CFPB ‘quietly’ affirms support for HUD counselors partnering with mortgage originators

The move reinforced the authority for HUD counselors to work with originators, a Department official said

The Consumer Financial Protection Bureau (CFPB) last week made a quiet change to its guidance related to the Real Estate Settlement and Procedures Act (RESPA), affirming that mortgage originators who partner with U.S. Department of Housing and Urban Development (HUD)-approved counselors can use fee for pre-purchase counseling and homeownership education services.

The change was confirmed through a LinkedIn post by HUD Deputy Assistant Secretary for Housing Counseling David Berenbaum.

“The CFPB on September 1st, 2023 posted official HUD RESPA guidance documents that are still applied by the agency — including HUD RESPA Statement of Policy 1999-1 issued on March 1st, 1999,” he said. “Specifically, mortgage companies and banks who contract with housing counseling agencies for pre- and post-purchase housing counseling services have clear authority under RESPA to use a fee for service.”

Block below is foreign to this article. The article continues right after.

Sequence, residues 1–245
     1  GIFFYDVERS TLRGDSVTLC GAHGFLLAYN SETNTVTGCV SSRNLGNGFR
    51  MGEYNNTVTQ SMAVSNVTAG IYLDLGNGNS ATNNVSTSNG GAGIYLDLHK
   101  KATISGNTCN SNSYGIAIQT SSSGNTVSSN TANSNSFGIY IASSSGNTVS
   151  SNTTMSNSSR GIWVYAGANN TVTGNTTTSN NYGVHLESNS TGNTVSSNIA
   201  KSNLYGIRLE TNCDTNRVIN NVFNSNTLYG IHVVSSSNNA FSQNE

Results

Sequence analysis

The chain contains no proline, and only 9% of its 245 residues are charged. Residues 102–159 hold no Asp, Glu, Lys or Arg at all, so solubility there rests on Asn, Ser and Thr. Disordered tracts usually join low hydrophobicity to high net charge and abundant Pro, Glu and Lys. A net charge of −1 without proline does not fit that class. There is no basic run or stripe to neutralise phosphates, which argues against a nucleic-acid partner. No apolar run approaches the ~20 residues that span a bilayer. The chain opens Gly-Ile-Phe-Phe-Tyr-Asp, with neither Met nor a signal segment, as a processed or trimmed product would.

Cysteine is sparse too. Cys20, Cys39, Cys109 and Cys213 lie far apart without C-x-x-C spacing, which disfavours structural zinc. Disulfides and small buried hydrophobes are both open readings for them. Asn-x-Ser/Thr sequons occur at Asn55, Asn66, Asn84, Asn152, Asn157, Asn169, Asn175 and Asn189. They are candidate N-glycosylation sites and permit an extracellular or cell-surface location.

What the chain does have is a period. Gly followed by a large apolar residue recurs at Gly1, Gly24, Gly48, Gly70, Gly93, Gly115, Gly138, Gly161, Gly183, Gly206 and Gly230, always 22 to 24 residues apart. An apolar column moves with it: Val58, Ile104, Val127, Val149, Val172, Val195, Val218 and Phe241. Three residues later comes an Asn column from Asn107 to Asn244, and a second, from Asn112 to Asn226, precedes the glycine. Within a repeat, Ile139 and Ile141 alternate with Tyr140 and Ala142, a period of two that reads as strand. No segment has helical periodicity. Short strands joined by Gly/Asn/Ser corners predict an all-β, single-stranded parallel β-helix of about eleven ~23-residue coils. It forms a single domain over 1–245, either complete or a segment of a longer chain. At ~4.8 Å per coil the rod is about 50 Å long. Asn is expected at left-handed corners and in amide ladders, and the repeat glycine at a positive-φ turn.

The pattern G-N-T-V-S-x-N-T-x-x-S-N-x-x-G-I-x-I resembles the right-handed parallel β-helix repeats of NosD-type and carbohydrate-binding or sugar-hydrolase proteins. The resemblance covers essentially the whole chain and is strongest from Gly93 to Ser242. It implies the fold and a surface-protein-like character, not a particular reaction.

This ongoing interpretation of this rule is informing HUD’s guidance, and is included in the Office of Housing Counseling Handbook for counselors, he said.

“This simple step by the CFPB provides clear regulatory authority and confidence for lenders to contract for services with HUD-approved Housing Counseling Agencies to help the next generation of homeowners to realize their homeownership goals. This is a significant and positive step by the CFPB that should be applauded and affirms the [agency’s] commitment to the critical role that housing counseling plays [in expanding] access to credit.”

On September 1, CFPB released a non-exhaustive list of HUD-issued official rules, interpretations and policy statements that continue to be applied by the CFPB. The list includes Statement of Policy 1999-1 referenced by Berenbaum.

“The documents listed below are select HUD-issued official rules, interpretations, or policy statements that fall within the scope of the official documents as defined in the 2011 Transfer Notice [empowering CFPB to enforce RESPA] and continue to be applied today by the CFPB,” the Bureau said of the recently-released list. “This list is provided for ease of reference.  It is not exhaustive of all HUD documents that continue to apply.”

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